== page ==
Alternatively, the hydraulic cooler could be integral with either the fan shroud 32 or the radiator 12 in which case the hydraulic conduit 18 may be formed to not only support the hydraulic motor 14 at the predetermined position A (FIG. 1), but also to provide a hydraulic conduit 18 to hydraulically couple the hydraulic motor 14, hydraulic pump 20, and cooler (not shown) together.
Thus, a significant feature of the present invention is that it provides a method, means and apparatus for forming a support for simultaneously supporting at least one hydraulic component at a predetermined position, as well as providing a hydraulic conduit system for hydraulically coupling the hydraulic components as desired, without the need to couple additional brackets or support structure to the hydraulic components.
Advantageously, this system and method provides means for providing a pre-formed conduit which can be coupled to hydraulic motor 14 so that it can be readily and easily assembled to the fan shroud 32. This, in turn, facilitates reducing the amount of time required to assemble the cooling system 10.
FIGS. 7-10 illustrate other embodiments hydraulic cooling system 10. In these embodiments, similar parts are identified with identical part numbers with the exception of a "'", """, or "'"" being added to the identical part number. Thus, notice with respect to the embodiment shown in FIG. 7 that the hydraulic conduit 18' is coupled directly to the radiator 12' using the mounting tabs 34' which are identical to the mounting tabs 34 illustrated in FIG. 3. Notice that a working distance, identified by double arrow WD, is substantially reduced when compared to the distance E of the prior art cooling system illustrated in FIG. 6. Advantageously, this arrangement of components is particularly suitable for use in engine compartments where space is tight.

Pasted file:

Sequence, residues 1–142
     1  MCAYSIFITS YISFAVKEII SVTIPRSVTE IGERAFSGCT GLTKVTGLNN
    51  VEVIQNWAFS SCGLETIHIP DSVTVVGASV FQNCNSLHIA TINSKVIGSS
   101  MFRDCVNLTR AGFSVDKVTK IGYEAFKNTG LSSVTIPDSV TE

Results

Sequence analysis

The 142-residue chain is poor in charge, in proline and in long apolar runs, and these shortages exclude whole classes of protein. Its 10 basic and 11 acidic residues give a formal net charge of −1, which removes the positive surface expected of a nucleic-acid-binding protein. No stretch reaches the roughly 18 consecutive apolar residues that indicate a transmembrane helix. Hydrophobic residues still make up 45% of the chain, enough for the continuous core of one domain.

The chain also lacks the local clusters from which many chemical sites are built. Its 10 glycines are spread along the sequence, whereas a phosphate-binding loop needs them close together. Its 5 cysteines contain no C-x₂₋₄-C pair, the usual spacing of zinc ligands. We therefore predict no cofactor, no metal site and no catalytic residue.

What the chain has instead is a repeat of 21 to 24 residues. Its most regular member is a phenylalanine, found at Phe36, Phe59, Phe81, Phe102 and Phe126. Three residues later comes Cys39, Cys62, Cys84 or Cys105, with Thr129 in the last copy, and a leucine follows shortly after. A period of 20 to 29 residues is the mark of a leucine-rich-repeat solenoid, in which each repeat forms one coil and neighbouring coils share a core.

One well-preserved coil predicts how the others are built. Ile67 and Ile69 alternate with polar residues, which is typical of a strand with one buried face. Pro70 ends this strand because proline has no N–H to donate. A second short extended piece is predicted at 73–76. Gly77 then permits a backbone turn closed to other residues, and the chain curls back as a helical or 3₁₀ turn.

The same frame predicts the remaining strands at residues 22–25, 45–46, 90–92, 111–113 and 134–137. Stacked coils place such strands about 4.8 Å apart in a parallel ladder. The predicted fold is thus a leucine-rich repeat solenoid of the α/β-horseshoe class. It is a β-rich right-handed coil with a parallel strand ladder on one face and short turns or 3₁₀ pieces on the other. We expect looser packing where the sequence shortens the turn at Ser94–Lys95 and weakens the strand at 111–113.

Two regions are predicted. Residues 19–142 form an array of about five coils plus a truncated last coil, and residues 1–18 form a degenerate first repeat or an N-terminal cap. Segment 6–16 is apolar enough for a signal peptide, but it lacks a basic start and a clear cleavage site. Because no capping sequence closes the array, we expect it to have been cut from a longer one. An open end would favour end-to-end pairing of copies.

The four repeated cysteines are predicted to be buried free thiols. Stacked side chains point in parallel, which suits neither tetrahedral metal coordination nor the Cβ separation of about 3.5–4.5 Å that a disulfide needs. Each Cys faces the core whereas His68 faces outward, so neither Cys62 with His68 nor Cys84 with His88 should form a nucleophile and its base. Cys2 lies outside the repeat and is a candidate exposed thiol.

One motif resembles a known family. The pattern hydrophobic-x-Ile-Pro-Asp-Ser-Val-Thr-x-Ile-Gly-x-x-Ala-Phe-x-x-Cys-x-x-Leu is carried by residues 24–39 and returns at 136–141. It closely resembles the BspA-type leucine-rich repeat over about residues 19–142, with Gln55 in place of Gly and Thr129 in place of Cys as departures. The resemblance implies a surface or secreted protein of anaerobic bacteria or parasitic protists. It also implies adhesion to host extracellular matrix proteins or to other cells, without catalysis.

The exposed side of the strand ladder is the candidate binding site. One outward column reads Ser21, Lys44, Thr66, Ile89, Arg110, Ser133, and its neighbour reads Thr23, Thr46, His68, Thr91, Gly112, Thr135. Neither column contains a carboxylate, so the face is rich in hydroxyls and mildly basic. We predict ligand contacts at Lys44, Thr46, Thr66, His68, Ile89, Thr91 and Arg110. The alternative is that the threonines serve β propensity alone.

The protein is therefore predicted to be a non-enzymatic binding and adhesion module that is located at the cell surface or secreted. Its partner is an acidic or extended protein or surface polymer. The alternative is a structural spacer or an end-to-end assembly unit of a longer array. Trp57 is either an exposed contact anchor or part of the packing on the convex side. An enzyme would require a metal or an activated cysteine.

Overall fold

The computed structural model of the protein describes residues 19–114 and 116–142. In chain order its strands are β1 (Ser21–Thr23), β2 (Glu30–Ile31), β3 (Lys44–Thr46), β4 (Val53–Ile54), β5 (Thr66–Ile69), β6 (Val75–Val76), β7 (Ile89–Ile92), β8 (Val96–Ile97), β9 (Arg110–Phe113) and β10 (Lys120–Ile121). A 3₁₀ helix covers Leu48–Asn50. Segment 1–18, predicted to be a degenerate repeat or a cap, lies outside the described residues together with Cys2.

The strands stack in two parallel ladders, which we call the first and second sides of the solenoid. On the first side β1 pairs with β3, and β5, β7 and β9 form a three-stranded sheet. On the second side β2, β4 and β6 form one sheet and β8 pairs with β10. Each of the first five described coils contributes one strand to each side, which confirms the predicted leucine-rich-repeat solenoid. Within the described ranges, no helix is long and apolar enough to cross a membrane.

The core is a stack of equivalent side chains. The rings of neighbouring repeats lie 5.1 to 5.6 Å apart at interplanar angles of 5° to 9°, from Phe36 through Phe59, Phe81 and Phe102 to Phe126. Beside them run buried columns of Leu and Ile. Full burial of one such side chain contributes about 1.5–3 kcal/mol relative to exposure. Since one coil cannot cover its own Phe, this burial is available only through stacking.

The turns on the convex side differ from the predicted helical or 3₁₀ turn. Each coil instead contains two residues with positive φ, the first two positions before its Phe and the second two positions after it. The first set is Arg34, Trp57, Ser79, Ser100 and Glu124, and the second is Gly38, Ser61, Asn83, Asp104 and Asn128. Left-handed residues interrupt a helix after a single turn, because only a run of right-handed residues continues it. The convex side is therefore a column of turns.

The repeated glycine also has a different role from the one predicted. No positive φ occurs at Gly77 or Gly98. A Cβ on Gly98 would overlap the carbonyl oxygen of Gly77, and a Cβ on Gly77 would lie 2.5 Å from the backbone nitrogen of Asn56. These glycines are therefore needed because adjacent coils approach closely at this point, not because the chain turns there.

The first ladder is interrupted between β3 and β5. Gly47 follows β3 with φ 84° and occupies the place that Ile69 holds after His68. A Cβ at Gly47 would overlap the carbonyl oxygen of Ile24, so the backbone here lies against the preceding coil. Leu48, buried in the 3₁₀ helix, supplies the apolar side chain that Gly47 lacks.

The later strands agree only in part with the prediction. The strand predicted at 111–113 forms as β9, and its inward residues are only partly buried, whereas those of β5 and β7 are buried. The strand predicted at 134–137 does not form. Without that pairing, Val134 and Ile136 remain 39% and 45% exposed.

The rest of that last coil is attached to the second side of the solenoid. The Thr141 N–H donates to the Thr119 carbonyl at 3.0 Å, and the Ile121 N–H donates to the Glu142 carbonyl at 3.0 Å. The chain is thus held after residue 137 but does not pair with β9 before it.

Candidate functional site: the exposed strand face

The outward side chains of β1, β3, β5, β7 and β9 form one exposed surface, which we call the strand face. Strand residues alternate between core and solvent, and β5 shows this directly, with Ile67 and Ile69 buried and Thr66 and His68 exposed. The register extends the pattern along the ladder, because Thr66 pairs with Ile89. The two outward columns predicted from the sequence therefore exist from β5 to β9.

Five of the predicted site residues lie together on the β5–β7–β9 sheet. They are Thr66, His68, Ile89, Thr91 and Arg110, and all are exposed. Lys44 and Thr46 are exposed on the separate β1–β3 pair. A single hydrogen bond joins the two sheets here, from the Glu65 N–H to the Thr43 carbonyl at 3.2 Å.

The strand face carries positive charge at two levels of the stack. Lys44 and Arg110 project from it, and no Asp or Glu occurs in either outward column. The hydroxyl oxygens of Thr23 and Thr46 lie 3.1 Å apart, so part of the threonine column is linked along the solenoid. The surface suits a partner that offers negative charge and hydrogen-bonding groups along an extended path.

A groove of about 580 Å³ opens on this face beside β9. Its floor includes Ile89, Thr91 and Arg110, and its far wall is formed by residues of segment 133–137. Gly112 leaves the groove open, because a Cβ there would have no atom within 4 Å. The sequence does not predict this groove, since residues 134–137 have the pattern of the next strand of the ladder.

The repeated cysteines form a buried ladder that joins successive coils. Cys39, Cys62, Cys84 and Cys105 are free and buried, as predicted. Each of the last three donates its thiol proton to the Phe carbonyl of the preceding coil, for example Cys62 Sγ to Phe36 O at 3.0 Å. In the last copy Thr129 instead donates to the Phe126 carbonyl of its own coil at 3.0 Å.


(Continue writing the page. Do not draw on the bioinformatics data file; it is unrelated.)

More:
FIG. 8 illustrates yet another embodiment of the invention where the shroud 32" is mounted directly to and supported by the hydraulic conduit 18", rather than by the radiator 12" as in the embodiment illustrated in FIGS. 1-5. As illustrated in FIG. 10, the shroud 32" comprises ends 32a" (FIG. 8 and 10) having "snap-on" clips 33" which are resilient to permit the end 32a" to be snapped directly onto the hydraulic conduit 18".
FIG. 9 illustrates another embodiment similar to the embodiment shown and described in FIGS. 8 and 10, except that the hydraulic conduit 18'" is mounted directly to a front end 40'" of a vehicle (not shown). This arrangement facilitates separating the hydraulic conduit 18'" and associated shroud 32'" from the radiator 12'". This further enables, for example, the radiator 12'" to be situated separately from the shroud 32'" as may be desired. Thus, it should be appreciated, that the fan motor 14'" could be mounted in operative relationship with engine 22 by mounting the conduit 18'" directly to the vehicle. The radiator 12'" could be situated at a location other than in the front of the engine compartment or remotely at some location other than the engine compartment (such as toward the rear of the vehicle).